LEVEL 2 ANCHORING – FRIENDS AND FAMILY
While not as good as anchoring something to your own life, anchoring stuff to your friends and family’s lives is the next best thing. If you want your hero to work in an office but you’ve never worked an office job in your life, anchor the job to your best friend who works at an office. You may not live their life, but you’re around them enough and heard about their experiences enough that you can craft a pretty solid approximation of the job. Likewise, if you need to write a sex addict into your script and have a friend who’s an alcoholic, you can anchor a lot of your character’s behaviors to your friend’s. That’s an important thing to note about anchoring. It doesn’t have to be exact. If you need to write a teenaged bully into your high school comedy, there’s no law that states you can’t anchor that bully to the Starbucks barista with an attitude you deal with every morning when you buy your coffee.
LEVEL 3 ANCHORING – SECOND HAND STORIES
We’re getting further away from the truth, which means you want to think twice about using this in your script. But occasionally you’ll hear friends, family members, or coworkers tell stories about someone they know or an experience they had, that was interesting in some way. Since you’re a writer, you’ll naturally want to include some of these moments in a screenplay. The problem is these stories are far enough away from personal experience that they contain a dream-like quality to them. They lack the specificity to make them believable. For example, I knew a guy through a friend who used to play on the professional tennis circuit. One night he told me this elaborate story about getting cheated by an umpire at the French Open. It was a great story. And I tried to anchor the essence of the story into a baseball script (with the home plate umpire committing the same sin on a player). But it never quite worked because I didn’t know all the details. I wasn’t there to smell the red clay, to endure the impatient booing of the crowd, to feel the pressure that, if I lost that match, I didn’t have enough money to get a plane back to the U.S. Second hand story anchoring can work. But it’s never going to feel as realistic as Level 1 or 2 anchoring.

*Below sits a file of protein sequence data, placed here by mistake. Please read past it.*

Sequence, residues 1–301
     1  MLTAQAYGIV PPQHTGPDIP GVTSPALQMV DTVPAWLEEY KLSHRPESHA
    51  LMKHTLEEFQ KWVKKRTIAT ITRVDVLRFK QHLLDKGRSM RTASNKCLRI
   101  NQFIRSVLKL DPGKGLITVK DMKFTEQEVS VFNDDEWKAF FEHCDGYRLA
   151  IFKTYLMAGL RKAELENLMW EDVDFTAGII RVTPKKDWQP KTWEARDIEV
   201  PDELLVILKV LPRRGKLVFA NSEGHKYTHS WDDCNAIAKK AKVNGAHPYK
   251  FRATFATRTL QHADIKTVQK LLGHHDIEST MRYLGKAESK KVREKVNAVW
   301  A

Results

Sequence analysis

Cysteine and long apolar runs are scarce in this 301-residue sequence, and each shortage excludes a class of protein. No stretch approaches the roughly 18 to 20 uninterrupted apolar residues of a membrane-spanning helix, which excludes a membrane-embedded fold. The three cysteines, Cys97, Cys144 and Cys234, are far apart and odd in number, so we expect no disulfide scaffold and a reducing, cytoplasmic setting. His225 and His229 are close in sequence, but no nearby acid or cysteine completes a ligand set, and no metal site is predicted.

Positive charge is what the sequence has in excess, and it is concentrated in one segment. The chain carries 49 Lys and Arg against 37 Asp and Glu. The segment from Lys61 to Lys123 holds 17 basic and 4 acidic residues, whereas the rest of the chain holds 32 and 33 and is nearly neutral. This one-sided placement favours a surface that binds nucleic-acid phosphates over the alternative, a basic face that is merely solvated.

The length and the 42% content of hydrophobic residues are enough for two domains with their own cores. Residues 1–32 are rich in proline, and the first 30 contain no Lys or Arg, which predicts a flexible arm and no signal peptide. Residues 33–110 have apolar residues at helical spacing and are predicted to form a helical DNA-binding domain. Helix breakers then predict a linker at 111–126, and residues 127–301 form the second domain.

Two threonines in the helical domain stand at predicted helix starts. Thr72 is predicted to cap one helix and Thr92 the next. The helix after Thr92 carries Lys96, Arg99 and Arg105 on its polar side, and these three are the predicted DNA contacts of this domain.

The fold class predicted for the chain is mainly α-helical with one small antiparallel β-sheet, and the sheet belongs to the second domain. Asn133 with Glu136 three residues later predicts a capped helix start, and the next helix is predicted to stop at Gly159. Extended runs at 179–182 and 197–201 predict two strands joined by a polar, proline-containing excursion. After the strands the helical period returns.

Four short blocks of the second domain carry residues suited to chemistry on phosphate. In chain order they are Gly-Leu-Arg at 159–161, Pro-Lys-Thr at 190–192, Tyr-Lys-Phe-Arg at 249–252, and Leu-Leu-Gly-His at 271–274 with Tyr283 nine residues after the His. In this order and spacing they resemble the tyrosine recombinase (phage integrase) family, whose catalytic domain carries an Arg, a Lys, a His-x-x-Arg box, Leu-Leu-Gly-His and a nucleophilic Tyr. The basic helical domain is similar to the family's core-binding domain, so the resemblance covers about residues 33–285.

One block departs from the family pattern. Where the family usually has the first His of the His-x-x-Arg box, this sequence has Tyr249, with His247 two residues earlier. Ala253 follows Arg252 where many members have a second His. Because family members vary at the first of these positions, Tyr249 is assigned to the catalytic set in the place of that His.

LEVEL 4 ANCHORING – MOVIES AND TELEVISION SHOWS
This is where the majority of beginner and intermediate writers anchor their writing – to stuff they’ve seen. Need a villain? Hans from Die Hard worked. I’ll just create another version of him! Need a good chase scene? I loved that chase scene in Fast and the Furious 4. I’ll change the cars from Corvettes to Maseratis and nobody will be the wiser! This is literally the WORST thing you can do when you’re writing a script. It’s why so many amateur screenplays are so bad. The writers are just rewriting what someone else wrote. With that said, anchoring off of other movies can still work if you follow a couple of simple rules. Rule #1 is to twist whatever you’re cribbing enough so that nobody will be able to tie it back to the anchoring source. For example, if you made your “Hans” character a woman and had her use sexuality as a weapon, nobody’s going to be saying, “This is just like Hans from Die Hard!” Rule #2 is to favor movies that are old or unpopular. Quentin Tarantino built much of his career around this. Anchor characters and situations to barely-seen movies and nobody will call you out except for extreme cinephiles.
LEVEL 5 ANCHORING – YOUR IMAGINATION